That three-month period was dominated, to a large extent, by Ireland’s exploits at the World Cup Finals in Italy and, at home, by Cork’s quest for an unlikely All-Ireland hurling and football double.
But easily the biggest crowd to gather in Páirc Uí Chaoimh during 1990 came not to hail Cork’s hurling and football heroes but, rather, a diminutive American performer with the physical cut of Joe Deane and who presented more with the attitude of a Kieran Donaghy, as a self-styled bling-dripper.
On Saturday, July 7, 1990, a crowd cited by the organisers at 60,000 filed down The Marina in brilliant sunshine to see Prince, by then one of the most cavalier figures in contemporary pop music; beyond his potty mouth and burlesque live shows, was a gritty and smart writer and producer.
Basking in the global after-glow of Sign O’ The Times and LoveSexy, he was, by the summer of 1990, one of the most interesting writers and performers of the period, even if he routinely sailed close to parody.
Michael Jackson — then unquestionably The King of Pop — had performed back-to-back shows at the same venue a couple of years previously and killed it. And yet the more subtle aspects of his sublime set, and there were many, were lost in the wind whipping up over the Atlantic Pond. The vast, unforgiving spread of Páirc Uí Chaoimh had splintered many a big reputation over the years and, heading down to The Old Bowl to review the show, I wondered if, perhaps, Prince was a bit too flaky and intermediate to deliver on such a stage?
Parts of the run-up to the Oliver Barry-promoted event were bizarre. Much had been made of Prince’s lasciviousness and it was suggested that he was likely to defile the holy ground with his filthy talk and randy carry-on. There was loose talk of a simulated sex show, lesbian backing singers, and strippers, and many speculated about what exactly Prince might get up to in front of the City End.
One of the local newspapers put the issue of Prince’s live performances to the then chairman of the Cork County Board, Denis Conroy. A long-serving grandee from the Carrigtwohill club, Conroy acknowledged the concerns of the GAA on the matter of Prince’s sexual peccadilloes.
“We’re going to have to sit down with Prince and discuss this,” Conroy told the Evening Echo.
There is no evidence that such a meeting ever took place but quite what Prince made of Cork, a city then on its knees, remains undocumented. What we know for certain is that, 30 minutes after he finished a lack-lustre 16-song show, he was out of town on a private jet to London, never to return.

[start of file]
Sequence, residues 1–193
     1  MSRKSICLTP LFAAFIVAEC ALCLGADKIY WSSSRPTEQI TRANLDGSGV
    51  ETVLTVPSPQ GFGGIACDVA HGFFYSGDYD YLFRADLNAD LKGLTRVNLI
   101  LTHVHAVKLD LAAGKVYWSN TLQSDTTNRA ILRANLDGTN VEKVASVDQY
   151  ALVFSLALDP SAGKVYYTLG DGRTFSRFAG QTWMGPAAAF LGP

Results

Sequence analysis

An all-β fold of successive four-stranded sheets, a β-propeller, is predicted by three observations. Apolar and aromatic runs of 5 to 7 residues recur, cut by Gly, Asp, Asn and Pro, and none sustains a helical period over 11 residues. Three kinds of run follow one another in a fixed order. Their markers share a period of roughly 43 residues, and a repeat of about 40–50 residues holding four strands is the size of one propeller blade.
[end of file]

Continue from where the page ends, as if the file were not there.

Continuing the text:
From a Vincent Power piece in The Cork Examiner of July 9, 1990, we learned that Prince spent six hours in a suite in Jury’s Hotel on the Western Rd on the day of the show, during which he “relaxed throughout Saturday afternoon by listening to CDs of Stevie Wonder and Anita Baker” in rooms that were decorated “on Prince’s instructions, with five magnificent floral arrangements, prepared by local florists to his exact requirements”.
We were told, too, that “the entire block of rooms where Prince, his band and tour handlers relaxed was protected by his troupe of kung fu bodyguards”.
Downtown, meanwhile, things were far less tranquil. The pubs were rammed from early and, at one point, Prince himself, “in the back of a bullet-proof Jaguar Sovereign with blacked-out windows snaked through the crowds that thronged the city-centre”. Another Examiner piece by Ralph Riegel claimed that “walking through Cork on Saturday afternoon must have been like trying to struggle through Mecca during the holy season”.
But the atmosphere was all very good-natured and the sun brought the best out in the visitors.
Like Michael Jackson before him, Prince couldn’t find it in himself to speak with the locals.
An uncredited Examiner piece on the Monday after the show mentions that, although he “gave the thumbs up to his Irish debut on Saturday evening … responses come in mono-syllables and one whole sentence seems a major effort”.
The promoter of the show, Banteer-born Oliver Barry, was rarely stuck for a word or a quip, however. He had a long association with Páirc Uí Chaoimh and, as far back as 1976, had been staging live music at the stadium, originally to help ease the debt incurred by the Cork County Board during the build.
Siamsa Cois Laoí — a day-long folk and trad event — ran for several years, headlined variously by Joan Baez, Kris Kristofferson, and John Denver, supported by hardy local annuals such as The Furey Brothers, The Wolfe Tones, and Bagatelle.
Barry was one of the primary investors in Century Radio, the country’s first national independent radio station which opened in 1989.
In a feature in the Irish Examiner in July 2013, Barry agreed that securing Michael Jackson in 1988 to Páirc Uí Chaoimh was but ‘one of the crowning glories of his career’.
On the night itself, Prince took the stage just after 8.30pm. Opening with ‘The Future’ and quickly segueing into ‘1999’, he struggled to connect with the crowd and, pretty quickly, they were off entertaining themselves. Half-an-hour in and the first flushes of “Olé, Olé, Olé, Olé” broke out from the cheap seats.
“This town needs an enema,” Prince told the audience at one point.
Comparisons with Jackson’s set at the same venue two years previously were inevitable, understandable, and ultimately just wrong. Jackson had played every beat for his audience, while Prince just confronted his. And lost. Fifteen songs on and one single encore later and he was gone, leaving plenty of gold behind him.
From my seat in the uncovered stand in Páirc Uí Chaoimh, I thought the whole thing was just plain dull and I said as much in my review. With Prince long gone, I surveyed my surroundings and, in the best traditions of many a Cork half-back, lowered the blade and had a right cut off of him.